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Of Ill Means Employed To A Good End
by [?]

There is wonderful relation and correspondence in this universal government of the works of nature, which very well makes it appear that it is neither accidental nor carried on by divers masters. The diseases and conditions of our bodies are, in like manner, manifest in states and governments; kingdoms and republics are founded, flourish, and decay with age as we do. We are subject to a repletion of humours, useless and dangerous: whether of those that are good (for even those the physicians are afraid of; and seeing we have nothing in us that is stable, they say that a too brisk and vigorous perfection of health must be abated by art, lest our nature, unable to rest in any certain condition, and not having whither to rise to mend itself, make too sudden and too disorderly a retreat; and therefore prescribe wrestlers to purge and bleed, to qualify that superabundant health), or else a repletion of evil humours, which is the ordinary cause of sickness. States are very often sick of the like repletion, and various sorts of purgations have commonly been applied. Some times a great multitude of families are turned out to clear the country, who seek out new abodes elsewhere and encroach upon others. After this manner our ancient Franks came from the remotest part of Germany to seize upon Gaul, and to drive thence the first inhabitants; so was that infinite deluge of men made up who came into Italy under the conduct of Brennus and others; so the Goths and Vandals, and also the people who now possess Greece, left their native country to go settle elsewhere, where they might have more room; and there are scarce two or three little corners in the world that have not felt the effect of such removals. The Romans by this means erected their colonies; for, perceiving their city to grow immeasurably populous, they eased it of the most unnecessary people, and sent them to inhabit and cultivate the lands conquered by them; sometimes also they purposely maintained wars with some of their enemies, not only to keep their own men in action, for fear lest idleness, the mother of corruption, should bring upon them some worse inconvenience:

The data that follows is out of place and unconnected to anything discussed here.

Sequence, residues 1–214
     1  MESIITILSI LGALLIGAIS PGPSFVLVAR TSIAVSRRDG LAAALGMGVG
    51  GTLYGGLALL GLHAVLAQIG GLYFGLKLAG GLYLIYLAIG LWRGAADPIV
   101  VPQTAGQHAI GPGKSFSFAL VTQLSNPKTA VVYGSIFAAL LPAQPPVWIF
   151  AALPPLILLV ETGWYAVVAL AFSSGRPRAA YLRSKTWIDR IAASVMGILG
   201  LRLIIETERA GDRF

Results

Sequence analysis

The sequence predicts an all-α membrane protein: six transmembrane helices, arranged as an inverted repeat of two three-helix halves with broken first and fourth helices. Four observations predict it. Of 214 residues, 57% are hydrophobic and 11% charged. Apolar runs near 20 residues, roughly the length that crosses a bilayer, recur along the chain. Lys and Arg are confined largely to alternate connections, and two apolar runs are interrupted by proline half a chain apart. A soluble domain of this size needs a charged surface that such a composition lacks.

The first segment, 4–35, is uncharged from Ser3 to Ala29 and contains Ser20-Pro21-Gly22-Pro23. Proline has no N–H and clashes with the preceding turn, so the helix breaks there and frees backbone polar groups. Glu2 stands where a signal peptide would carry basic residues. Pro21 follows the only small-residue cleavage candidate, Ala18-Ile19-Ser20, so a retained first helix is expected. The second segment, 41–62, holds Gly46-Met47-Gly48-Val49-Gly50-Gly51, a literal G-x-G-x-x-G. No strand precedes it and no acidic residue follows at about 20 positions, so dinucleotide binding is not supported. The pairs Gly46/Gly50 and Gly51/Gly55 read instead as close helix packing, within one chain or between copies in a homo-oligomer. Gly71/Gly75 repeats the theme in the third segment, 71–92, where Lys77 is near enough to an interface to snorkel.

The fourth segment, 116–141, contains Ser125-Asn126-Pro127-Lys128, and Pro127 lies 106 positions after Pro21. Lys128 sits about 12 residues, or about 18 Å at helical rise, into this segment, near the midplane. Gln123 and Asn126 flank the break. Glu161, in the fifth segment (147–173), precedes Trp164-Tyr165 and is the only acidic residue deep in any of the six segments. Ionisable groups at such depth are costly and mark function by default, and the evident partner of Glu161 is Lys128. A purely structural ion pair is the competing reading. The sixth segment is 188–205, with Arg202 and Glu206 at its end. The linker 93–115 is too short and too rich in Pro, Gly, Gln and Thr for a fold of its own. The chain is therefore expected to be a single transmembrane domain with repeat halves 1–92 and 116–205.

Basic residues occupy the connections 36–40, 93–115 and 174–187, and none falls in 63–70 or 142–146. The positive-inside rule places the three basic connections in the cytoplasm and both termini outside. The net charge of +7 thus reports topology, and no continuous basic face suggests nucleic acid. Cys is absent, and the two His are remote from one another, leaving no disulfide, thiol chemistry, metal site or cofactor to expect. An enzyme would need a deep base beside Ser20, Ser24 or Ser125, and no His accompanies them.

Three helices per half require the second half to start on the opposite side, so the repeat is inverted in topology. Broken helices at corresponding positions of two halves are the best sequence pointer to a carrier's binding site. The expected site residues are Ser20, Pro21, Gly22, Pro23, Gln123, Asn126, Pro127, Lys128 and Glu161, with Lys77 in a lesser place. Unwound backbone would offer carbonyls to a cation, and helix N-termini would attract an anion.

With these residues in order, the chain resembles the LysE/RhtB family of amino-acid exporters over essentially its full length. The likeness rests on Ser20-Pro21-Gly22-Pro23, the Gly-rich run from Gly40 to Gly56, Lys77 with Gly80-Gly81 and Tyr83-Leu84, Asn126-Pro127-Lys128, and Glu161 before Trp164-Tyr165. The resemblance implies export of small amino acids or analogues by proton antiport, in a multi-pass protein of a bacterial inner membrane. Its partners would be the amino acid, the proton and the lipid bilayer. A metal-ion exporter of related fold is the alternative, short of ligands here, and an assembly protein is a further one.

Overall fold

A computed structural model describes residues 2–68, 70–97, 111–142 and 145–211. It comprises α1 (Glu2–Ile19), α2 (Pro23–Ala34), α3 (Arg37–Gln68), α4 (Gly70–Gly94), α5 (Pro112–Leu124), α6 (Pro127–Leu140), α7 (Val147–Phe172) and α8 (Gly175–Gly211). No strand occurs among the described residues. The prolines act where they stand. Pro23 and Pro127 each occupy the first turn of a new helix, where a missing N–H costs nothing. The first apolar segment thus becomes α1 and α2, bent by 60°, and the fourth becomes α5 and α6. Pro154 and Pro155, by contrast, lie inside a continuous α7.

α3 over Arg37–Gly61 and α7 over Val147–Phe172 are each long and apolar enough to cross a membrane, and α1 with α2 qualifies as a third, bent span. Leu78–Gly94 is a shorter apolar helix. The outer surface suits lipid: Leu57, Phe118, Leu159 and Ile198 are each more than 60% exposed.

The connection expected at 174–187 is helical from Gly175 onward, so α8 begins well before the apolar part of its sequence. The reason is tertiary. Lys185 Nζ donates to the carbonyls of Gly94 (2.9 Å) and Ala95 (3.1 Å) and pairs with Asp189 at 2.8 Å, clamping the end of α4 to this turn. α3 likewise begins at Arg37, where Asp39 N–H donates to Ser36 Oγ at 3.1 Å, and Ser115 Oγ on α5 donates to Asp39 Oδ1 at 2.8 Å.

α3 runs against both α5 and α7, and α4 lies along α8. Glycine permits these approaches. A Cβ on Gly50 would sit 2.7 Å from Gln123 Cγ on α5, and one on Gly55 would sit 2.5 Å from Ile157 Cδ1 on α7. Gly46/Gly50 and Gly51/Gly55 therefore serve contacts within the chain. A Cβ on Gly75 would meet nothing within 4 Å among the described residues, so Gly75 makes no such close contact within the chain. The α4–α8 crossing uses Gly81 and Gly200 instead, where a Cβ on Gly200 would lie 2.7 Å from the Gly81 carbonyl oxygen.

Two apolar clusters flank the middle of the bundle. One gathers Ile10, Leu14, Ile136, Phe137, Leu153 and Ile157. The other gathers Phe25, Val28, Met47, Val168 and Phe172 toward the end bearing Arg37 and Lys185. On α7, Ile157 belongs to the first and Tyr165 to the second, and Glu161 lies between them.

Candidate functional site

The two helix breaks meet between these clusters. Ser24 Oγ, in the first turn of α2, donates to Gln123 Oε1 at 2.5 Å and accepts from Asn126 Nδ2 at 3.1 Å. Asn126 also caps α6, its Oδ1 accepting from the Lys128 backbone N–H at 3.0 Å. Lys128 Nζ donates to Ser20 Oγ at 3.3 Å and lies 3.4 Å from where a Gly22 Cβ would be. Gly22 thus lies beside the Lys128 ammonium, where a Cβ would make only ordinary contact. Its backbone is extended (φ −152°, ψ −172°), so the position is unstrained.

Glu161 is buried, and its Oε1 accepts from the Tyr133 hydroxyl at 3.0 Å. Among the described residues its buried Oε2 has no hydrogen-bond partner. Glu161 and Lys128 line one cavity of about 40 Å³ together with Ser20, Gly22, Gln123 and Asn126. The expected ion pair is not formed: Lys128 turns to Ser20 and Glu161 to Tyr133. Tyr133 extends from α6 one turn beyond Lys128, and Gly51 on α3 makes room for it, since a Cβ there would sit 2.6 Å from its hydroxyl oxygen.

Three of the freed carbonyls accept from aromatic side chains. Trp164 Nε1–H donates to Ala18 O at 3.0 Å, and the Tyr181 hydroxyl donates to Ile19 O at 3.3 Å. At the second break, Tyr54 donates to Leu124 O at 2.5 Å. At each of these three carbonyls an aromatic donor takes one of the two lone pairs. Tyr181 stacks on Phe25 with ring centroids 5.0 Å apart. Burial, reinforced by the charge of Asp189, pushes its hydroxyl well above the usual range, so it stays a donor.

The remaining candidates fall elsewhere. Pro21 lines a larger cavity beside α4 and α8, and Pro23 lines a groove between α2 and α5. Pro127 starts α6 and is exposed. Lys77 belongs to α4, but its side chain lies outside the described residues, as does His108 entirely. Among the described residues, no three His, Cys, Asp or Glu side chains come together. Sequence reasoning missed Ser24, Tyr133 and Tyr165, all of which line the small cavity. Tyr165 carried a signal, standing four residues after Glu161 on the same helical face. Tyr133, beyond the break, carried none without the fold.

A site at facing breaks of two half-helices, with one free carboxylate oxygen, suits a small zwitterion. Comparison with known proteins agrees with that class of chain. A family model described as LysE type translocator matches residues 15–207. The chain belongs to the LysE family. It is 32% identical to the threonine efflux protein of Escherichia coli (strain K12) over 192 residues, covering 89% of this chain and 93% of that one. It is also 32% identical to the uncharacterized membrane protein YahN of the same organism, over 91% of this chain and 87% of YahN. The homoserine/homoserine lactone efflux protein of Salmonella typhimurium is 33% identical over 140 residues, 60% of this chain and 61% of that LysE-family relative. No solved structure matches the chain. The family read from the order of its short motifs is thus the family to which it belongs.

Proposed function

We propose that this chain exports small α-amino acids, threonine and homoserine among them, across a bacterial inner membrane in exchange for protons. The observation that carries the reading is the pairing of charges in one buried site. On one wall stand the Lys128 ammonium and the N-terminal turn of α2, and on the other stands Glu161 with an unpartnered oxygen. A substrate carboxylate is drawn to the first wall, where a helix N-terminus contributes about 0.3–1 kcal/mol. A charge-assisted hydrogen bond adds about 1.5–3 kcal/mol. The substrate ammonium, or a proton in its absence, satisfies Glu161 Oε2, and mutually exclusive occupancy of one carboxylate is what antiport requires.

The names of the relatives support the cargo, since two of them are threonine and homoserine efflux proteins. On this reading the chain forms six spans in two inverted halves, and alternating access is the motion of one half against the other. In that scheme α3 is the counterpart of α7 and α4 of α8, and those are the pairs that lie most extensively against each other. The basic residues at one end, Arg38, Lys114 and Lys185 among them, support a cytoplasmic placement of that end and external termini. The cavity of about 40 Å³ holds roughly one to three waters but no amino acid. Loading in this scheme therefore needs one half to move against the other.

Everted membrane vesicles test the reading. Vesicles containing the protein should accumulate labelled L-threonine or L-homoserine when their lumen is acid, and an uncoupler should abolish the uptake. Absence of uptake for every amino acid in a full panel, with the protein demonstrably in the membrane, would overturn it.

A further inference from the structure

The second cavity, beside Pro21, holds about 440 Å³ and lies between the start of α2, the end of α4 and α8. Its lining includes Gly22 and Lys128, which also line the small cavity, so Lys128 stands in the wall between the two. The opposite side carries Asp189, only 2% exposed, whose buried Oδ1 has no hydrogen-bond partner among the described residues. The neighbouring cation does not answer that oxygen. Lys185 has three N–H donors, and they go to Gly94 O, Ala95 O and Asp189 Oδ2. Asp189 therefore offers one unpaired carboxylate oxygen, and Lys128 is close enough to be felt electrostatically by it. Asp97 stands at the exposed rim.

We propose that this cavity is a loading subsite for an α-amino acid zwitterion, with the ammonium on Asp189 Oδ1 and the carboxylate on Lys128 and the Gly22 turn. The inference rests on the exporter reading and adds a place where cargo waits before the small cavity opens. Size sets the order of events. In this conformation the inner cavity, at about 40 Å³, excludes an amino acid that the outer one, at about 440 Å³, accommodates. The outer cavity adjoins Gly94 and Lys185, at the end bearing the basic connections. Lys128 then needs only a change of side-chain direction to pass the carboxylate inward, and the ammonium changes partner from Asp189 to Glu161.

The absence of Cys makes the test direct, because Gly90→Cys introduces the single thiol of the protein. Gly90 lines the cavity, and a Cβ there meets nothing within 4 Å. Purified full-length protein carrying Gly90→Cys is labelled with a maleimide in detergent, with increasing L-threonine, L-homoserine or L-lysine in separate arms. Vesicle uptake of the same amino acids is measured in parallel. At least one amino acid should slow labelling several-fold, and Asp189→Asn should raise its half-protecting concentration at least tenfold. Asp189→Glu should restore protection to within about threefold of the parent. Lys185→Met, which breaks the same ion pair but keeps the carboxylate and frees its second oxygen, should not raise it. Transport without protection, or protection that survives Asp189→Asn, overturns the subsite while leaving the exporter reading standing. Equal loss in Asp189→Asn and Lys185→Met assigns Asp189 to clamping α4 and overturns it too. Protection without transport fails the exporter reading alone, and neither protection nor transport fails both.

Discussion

“Et patimur longae pacis mala; saevior armis
Luxuria incumbit.”

[“And we suffer the ills of a long peace;
luxury is more pernicious than war.”
–Juvenal, vi. 291.]

but also to serve for a blood-letting to their Republic, and a little to evaporate the too vehement heat of their youth, to prune and clear the branches from the stock too luxuriant in wood; and to this end it was that they maintained so long a war with Carthage.

In the treaty of Bretigny, Edward III., king of England, would not, in the general peace he then made with our king, comprehend the controversy about the Duchy of Brittany, that he might have a place wherein to discharge himself of his soldiers, and that the vast number of English he had brought over to serve him in his expedition here might not return back into England. And this also was one reason why our King Philip consented to send his son John upon a foreign expedition, that he might take along with him a great number of hot young men who were then in his pay.

There–are many in our times who talk at this rate, wishing that this hot emotion that is now amongst us might discharge itself in some neighbouring war, for fear lest all the peccant humours that now reign in this politic body of ours may diffuse themselves farther, keep the fever still in the height, and at last cause our total ruin; and, in truth, a foreign is much more supportable than a civil war, but I do not believe that God will favour so unjust a design as to offend and quarrel with others for our own advantage: